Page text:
b. Do you have enough information to find a model that is appropriate for this situation? Either find a model or explain what other information you would need to do so.
Answer:
We cannot model this scenario because we do not know the highest or lowest amount of the heating bill. If we knew either of those amounts, we could find the other. Then, we could find the amplitude of the sinusoidal function and create a reasonable model.

Exercise 5.
An online merchant sells used books for $5. 00 each, and the sales tax rate is 6% of the cost of the books. Shipping charges are a flat rate of$4.00 plus an additional $1.00 per book. a. What type of function models the total cost, including the shipping costs, of a purchase of x books? Explain how you know. Answer: We would use a linear function to model this situation because the total cost increases at a constant rate when you increase the number of books purchased. b. Do you have enough information to find a model that is appropriate for this situation? Either find a model or explain what other information you would need to do so. Answer: We can model this situation exactly. If we buy x books, then the total cost of the purchase (in dollars) is given by C(x) = 1.06(5x) + 4 + 1x = 6.3x + 4. Exercise 6. A stunt woman falls from a tall building in an action-packed movie scene. Her speed increases by 32 ft/s for every second that she is falling. a. What type of function models her distance from the ground at time t seconds? Explain how you know. Answer: Because her speed is increasing by 32 ft/s every second, her rate at which she gets closer to the ground is increasing linearly; thus, we would model this situation with a quadratic function. b. Do you have enough information to find a model that is appropriate for this situation? Either find a model or explain what other information you would need to do so. Answer: We cannot create a model for this situation because we do not know the height of the building, so we do not know how far she will fall. ### Eureka Math Algebra 2 Module 3 Lesson 22 Problem Set Answer Key Question 1. A new car depreciates at a rate of about 20% per year, meaning that its resale value decreases by roughly 20% each year. After hearing this, Brett said that if you buy a new car this year, then after 5 years the car has a resale value of$0.00. Is his reasoning correct? Explain how you know.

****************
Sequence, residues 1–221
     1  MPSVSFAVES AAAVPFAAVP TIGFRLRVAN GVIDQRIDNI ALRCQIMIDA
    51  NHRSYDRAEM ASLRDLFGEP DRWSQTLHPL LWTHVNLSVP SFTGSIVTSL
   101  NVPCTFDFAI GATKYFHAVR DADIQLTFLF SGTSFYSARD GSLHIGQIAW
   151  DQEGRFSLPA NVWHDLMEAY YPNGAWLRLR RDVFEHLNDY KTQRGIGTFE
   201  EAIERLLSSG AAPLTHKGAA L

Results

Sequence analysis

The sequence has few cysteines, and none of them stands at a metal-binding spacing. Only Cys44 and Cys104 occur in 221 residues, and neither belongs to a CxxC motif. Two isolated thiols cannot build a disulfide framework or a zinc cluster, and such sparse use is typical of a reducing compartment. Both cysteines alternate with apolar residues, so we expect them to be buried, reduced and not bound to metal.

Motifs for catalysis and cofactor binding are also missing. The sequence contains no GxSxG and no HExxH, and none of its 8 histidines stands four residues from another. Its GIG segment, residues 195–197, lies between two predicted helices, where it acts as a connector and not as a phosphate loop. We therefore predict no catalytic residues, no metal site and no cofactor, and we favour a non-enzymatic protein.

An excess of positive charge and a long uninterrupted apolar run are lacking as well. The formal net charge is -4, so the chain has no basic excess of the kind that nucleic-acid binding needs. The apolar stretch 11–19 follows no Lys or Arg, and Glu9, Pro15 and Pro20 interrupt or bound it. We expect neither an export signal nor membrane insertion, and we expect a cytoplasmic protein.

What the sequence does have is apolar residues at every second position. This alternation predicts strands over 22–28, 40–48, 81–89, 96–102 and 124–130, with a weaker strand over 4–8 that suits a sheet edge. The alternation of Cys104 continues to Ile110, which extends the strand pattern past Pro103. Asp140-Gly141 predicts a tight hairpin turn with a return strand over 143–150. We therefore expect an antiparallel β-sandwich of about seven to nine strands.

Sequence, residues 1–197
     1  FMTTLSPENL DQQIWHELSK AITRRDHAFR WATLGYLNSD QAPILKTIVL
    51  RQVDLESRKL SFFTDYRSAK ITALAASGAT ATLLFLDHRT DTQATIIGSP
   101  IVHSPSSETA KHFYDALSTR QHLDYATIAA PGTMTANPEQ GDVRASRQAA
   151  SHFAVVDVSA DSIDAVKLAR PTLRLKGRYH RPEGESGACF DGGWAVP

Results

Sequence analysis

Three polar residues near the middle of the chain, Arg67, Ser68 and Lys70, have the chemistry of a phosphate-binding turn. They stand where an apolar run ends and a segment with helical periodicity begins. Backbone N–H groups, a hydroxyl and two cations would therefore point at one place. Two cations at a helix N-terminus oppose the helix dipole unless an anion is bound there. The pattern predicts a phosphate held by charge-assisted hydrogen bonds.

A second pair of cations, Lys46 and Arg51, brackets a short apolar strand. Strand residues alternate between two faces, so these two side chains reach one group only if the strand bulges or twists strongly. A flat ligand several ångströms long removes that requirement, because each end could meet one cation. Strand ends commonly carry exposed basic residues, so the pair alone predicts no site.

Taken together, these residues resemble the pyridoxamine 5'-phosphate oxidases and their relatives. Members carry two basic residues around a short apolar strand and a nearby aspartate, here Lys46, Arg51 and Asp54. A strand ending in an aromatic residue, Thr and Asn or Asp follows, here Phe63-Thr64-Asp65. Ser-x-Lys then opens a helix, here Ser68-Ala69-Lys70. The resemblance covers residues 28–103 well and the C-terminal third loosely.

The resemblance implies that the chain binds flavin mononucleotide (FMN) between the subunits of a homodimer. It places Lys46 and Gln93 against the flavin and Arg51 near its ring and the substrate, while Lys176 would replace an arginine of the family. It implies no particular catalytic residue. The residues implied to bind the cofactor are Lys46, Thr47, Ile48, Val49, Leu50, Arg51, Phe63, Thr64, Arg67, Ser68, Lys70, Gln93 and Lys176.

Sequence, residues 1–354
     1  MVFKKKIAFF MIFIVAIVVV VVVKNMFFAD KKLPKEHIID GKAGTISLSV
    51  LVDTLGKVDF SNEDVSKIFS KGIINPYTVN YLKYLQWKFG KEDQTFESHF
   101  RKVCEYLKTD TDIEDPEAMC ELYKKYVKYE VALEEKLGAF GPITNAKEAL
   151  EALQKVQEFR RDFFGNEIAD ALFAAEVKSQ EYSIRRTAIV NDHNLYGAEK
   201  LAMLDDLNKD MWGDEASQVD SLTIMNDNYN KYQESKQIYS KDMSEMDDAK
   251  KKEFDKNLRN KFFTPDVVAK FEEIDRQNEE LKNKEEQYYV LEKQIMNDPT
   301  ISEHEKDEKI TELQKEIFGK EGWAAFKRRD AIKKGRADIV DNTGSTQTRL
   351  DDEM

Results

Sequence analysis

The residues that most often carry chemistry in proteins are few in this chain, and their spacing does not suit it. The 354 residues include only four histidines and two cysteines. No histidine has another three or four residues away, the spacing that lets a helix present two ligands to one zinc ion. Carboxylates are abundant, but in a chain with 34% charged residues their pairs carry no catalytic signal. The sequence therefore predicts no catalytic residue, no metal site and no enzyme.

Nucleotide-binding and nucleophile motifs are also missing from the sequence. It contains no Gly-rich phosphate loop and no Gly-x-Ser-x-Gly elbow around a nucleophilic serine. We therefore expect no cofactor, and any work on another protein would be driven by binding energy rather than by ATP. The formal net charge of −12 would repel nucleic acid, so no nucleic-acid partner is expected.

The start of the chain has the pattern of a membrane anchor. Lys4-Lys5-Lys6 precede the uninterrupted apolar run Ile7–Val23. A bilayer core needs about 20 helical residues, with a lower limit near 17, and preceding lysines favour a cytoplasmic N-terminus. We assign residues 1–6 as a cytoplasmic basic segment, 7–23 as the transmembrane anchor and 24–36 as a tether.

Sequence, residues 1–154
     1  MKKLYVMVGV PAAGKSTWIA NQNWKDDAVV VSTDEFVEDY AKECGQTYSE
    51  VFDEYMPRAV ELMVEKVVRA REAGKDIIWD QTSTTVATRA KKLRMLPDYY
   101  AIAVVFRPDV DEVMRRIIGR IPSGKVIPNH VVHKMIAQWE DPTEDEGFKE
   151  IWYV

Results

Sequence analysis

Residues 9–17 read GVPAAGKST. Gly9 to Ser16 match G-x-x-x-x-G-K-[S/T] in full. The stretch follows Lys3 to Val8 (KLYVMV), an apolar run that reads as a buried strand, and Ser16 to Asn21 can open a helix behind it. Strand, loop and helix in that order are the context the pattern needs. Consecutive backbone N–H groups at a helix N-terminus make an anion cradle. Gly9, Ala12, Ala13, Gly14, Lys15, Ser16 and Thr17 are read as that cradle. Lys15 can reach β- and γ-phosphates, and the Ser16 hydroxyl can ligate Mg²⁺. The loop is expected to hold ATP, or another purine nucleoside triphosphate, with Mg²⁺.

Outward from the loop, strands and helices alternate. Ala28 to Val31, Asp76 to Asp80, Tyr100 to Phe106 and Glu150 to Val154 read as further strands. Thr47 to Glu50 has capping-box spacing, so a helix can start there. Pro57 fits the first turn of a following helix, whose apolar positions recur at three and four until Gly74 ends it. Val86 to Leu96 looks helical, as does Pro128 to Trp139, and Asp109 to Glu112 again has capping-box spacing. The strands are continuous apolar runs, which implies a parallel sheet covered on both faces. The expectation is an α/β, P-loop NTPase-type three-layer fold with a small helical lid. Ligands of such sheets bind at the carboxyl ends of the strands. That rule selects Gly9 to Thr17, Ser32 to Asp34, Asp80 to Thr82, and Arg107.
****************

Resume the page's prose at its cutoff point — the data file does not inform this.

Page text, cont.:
Answer:
Brett is not correct. If the car loses 20% of its value each year, then it retains 80% of its resale value each year. In that case, the proper model to use is an exponential function,
V(t) = P(0.80)t,
where P is the original price paid for the car when it was new, t is the number of years the car has been owned, and V(t) is the resale value of the car in year t. Then, when t = 5, the value of the caris V(5) = P(0.80)5 ≈ 0.33P;
so, after 5 years, the car is worth roughly 33% of its original price.

Question 2.
Alexei just moved to Seattle, and he keeps track of the average rainfall for a few months to see if the city deserves its reputation as the rainiest city in the United States.